Lauren Downes, left, an employee at Seattle area's second recreational marijuana retail store, Herbal Nation, sells $99.64 worth of weed to customer Matt, no last name given, at the store's "soft launch" Monday, Aug. 11, 2014, in Bothell, Wash. The official grand opening is still Aug. 18, but the outlet wanted to give their loyal followers a shot at buying legal weed while they finish detailing the building. (AP Photo/seattlepi.com, Jordan Stead)
SALEM, Ore. (AP) — The campaign behind an Oregon ballot measure that would legalize marijuana for adults said Monday it will buy $2.3 million worth of television advertising in what is shaping up to be a lopsided debate.
The former head of addictions and mental health for the Oregon Health Authority urges voters to support marijuana legalization in a YouTube video that proponents say will form the basis for their first television commercial. Richard Harris says marijuana "is a pretty benign drug" compared with drugs like alcohol and heroin, and efforts to control it through the criminal justice system have failed.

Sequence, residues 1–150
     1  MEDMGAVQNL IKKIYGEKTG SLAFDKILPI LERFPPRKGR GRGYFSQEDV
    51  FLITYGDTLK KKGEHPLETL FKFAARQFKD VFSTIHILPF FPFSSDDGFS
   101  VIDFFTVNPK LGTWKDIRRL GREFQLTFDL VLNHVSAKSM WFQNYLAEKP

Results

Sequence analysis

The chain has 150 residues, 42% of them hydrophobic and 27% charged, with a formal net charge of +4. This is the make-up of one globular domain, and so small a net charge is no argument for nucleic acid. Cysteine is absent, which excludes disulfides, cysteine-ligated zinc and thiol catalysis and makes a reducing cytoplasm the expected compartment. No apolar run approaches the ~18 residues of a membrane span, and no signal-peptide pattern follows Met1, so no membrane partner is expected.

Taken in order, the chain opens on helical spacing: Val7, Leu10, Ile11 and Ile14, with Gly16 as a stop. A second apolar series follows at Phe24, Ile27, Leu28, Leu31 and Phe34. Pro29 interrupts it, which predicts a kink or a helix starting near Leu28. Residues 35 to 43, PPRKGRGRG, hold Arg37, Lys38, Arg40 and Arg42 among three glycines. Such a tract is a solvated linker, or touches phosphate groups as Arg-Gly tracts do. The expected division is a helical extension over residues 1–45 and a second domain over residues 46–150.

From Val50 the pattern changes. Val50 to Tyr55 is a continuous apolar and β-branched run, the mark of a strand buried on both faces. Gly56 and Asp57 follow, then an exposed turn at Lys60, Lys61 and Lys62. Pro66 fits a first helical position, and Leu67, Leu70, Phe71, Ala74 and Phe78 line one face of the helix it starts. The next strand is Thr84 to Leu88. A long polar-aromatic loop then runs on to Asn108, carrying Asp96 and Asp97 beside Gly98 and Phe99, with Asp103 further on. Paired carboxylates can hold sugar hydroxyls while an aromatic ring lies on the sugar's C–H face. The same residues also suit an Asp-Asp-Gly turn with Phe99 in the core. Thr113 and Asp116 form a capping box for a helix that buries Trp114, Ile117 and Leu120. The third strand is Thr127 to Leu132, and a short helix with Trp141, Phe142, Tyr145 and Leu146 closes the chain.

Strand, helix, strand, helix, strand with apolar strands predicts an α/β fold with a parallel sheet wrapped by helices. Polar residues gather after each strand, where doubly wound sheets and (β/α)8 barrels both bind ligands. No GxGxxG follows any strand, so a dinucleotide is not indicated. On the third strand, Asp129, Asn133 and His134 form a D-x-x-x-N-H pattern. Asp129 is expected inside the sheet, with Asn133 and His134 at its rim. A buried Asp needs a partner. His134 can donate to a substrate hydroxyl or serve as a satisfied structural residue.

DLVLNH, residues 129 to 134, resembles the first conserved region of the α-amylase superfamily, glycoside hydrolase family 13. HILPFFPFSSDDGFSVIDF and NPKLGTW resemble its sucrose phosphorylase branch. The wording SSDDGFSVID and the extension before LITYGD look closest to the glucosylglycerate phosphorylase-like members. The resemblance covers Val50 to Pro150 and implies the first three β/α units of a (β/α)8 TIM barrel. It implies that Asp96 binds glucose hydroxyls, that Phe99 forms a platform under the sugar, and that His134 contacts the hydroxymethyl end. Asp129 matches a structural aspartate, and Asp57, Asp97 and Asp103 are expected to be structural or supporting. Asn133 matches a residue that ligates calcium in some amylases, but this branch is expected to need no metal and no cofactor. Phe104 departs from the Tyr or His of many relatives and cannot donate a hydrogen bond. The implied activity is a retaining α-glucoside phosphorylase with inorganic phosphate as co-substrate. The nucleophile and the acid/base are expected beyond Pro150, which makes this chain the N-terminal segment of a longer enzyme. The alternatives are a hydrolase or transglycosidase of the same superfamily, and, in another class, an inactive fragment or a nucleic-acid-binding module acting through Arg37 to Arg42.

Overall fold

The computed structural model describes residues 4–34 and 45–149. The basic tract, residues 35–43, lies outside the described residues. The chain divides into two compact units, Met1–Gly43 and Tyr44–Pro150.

Support from addiction experts like Harris can help legalization advocates rebut charges that decriminalizing the drug would fuel addiction problems. Marijuana has been legalized in Colorado and Washington state.
Other mental health experts and the law enforcement community oppose legalization, but nobody with deep pockets has stepped forward to make the case against it.
The proposal will appear on the November ballot as Measure 91. It would allow adults 21 and older to use marijuana recreationally and give the Oregon Liquor Control Commission the job of creating a regulated system to distribute the drug.
Peter Zuckerman, a spokesman for the Yes on 91 campaign, said the ad will first appear on the Internet, at the start of online videos.
Records submitted by television stations to the Federal Communications Commission indicate the ads will start airing on broadcast stations on Sept. 22 in Portland and Eugene, and a few weeks later in Medford and Bend.
The records show the campaign has reserved at least $1.3 million worth of television time out of the $2.3 million the group says it's spending. The records exclude cable television, which isn't publicly disclosed, and two Portland broadcast stations that haven't reported yet.
Oregonians rejected a marijuana legalization measure two years ago after the proponents struggled to mount even a basic campaign.